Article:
January 3 – Veteran shortstop Troy Tulowitzki signed a one-year contract with the New York Yankees after missing the entire 2018 season due to bone spurs. The Yankees will pay Tulowitzki the major league minimum salary for 2019 ($555,000), and the contract includes a no-trade clause. For the Yankees, Tulowitzki offered a lost-cost solution to their hole at shortstop, as Didi Gregorius will miss at least the first part of 2019 while he rehabs from Tommy John Surgery.
January 11 – The Boston Red Sox and American League MVP Mookie Betts settled on a one-year deal worth $20 million. The salary figure is a record for a player in his second year of arbitration eligibility, with Betts still having one more year of arbitration-eligibility to go. Betts won his arbitration case with the Red Sox a year ago, securing $10.5 million, and will become an unrestricted free agent in 2021.
January 15 – Longtime Pittsburgh Pirates broadcaster and former pitcher Steve Blass announced that he would be retiring following the 2019 season, his 60th with the Pirates organization. Blass, 76, was signed as a player in 1960. He spent his entire ten-year career in the majors with the team. His most productive season came 1n 1972, when he posted a 19-8 record with a 2.49 ERA, 12 complete games and five shutouts, while earning an All Star berth and finishing as the runner-up in NL Cy Young voting. In addition, he pitched two complete games victories for the Pirates in Games 3 and 7 of the 1971 World Series triumph over the Baltimore Orioles. Afterwards, Blass joined the team’s broadcast crew in 1983. Since 2005, he worked Pirates home games and select road trips, and the 2019 season will be his club-record 34th year as a color analyst for the organization.
January 21 – The Cincinnati Reds acquire veteran starting pitcher Sonny Gray from the New York Yankees, which was followed by signing him to a three-year extension of $30,500,000 that includes a $12 million club option for 2023. Reiver Sanmartin, a minor league pitcher, also came to Cincinnati along with prospect second baseman Shed Long winding up in Seattle after being traded by the Yankees. New York also received an undisclosed draft pick.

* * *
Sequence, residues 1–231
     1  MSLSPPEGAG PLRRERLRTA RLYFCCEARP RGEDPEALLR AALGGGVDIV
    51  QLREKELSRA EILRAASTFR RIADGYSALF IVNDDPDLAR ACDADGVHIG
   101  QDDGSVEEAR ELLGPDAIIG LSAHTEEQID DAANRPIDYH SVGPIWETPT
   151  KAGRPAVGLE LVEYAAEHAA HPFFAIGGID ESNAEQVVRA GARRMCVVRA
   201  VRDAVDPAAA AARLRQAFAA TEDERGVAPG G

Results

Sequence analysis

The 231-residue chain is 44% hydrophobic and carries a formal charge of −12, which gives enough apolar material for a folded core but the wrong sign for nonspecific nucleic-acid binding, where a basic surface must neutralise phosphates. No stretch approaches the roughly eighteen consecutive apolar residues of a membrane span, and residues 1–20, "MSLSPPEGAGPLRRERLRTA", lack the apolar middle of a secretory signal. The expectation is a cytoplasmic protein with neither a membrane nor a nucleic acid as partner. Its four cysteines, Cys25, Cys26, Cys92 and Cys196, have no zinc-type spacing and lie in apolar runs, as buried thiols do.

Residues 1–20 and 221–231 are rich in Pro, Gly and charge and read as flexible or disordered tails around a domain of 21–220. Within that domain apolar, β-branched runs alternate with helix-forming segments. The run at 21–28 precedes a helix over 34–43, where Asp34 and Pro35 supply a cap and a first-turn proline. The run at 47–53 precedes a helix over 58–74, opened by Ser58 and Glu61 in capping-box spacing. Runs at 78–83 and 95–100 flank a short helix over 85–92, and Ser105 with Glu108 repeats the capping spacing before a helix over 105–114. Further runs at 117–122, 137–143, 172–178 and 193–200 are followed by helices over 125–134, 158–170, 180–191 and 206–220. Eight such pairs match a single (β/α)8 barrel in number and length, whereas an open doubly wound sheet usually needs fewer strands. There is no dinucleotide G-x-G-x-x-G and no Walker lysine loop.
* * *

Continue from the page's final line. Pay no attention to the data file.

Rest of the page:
January 22 – For the second consecutive year, the Baseball Writers' Association of Americaelects four players into the Hall of Fame, including the first player ever selected unanimously, Mariano Rivera, Major League Baseball's all-time saves leader, who was listed on all 425 ballots cast. Rivera is joined by Roy Halladay and Edgar Martínez, both of whom receive 363 votes (85.4%), and Mike Mussina, who receives 326 votes (76.7%). Rivera and Halladay are both elected in their first year on the ballot, while Mussina is elected in his sixth year and Martínez in his tenth and last. Halladay, who died in a plane crash in November 2017, also becomes the first player to be elected posthumously by the BBWAA since Roberto Clemente in 1973. Also in his final year of eligibility, Fred McGriff was unable to receive enough votes to be elected in to Cooperstown by the BBWAA.
January 26 – The Los Angeles Dodgers signed free agent center fielder A. J. Pollock a four-year, $55 million deal, plus a $10 million player option for a fifth year. If Pollock declines that option, the Dodgers must buy out his fifth year for $5 million.
MLB commissionerRob Manfred indicated at the annual owner's meeting that the league is not open to the introduction of the designated hitter rule to the National League. It emerged recently that MLB and the MLB Players Association were exchanging proposals on a variety of significant potential rules changes before the upcoming season. Some of those, including the introduction of a twenty-second pitch clock and a rule requiring any pitcher that enters a game to face at least three hitters, were set forth by the league.
The Philadelphia Phillies acquired All-Star catcher J. T. Realmuto in a four-player transaction with the Miami Marlins. In exchange, the Marlins received right-handed pitcher Sixto Sánchez, catcher Jorge Alfaro, lefty-handed pitching prospect Will Stewart and international bonus slot money.
February 22 – The San Diego Padres announced the signing of free agentManny Machado. The 10-year deal will pay Machado $30 million annually through the 2028 season, and contain a six-team no-trade clause. He will play at third base for San Diego.
February 26 – The Colorado Rockies and third baseman Nolan Arenado agreed to an eight-year, $260 million contract with an opt-out in three years. A four-time All-Star and six-time Gold Glove Award winner, Arenado will receive the highest annual salary of $32.5 million, surpassing the $31 million of Detroit Tigers designated hitter Miguel Cabrera, and behind the top earner in Major League Baseball, Arizona Diamondbacks pitcher Zack Greinke, at $34.4 million for the largest in MLB history.